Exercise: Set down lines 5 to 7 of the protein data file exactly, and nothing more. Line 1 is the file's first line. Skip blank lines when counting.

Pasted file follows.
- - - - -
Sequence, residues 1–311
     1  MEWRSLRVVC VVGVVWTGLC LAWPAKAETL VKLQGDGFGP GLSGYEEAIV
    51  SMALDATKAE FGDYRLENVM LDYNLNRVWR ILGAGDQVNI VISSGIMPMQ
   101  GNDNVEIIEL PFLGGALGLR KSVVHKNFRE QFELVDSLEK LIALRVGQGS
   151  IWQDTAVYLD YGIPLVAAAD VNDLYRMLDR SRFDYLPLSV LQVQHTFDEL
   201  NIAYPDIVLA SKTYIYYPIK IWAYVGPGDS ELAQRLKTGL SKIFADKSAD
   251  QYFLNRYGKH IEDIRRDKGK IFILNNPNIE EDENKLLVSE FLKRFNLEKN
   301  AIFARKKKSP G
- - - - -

   151  IWQDTAVYLD YGIPLVAAAD VNDLYRMLDR SRFDYLPLSV LQVQHTFDEL
   201  NIAYPDIVLA SKTYIYYPIK IWAYVGPGDS ELAQRLKTGL SKIFADKSAD
   251  QYFLNRYGKH IEDIRRDKGK IFILNNPNIE EDENKLLVSE FLKRFNLEKN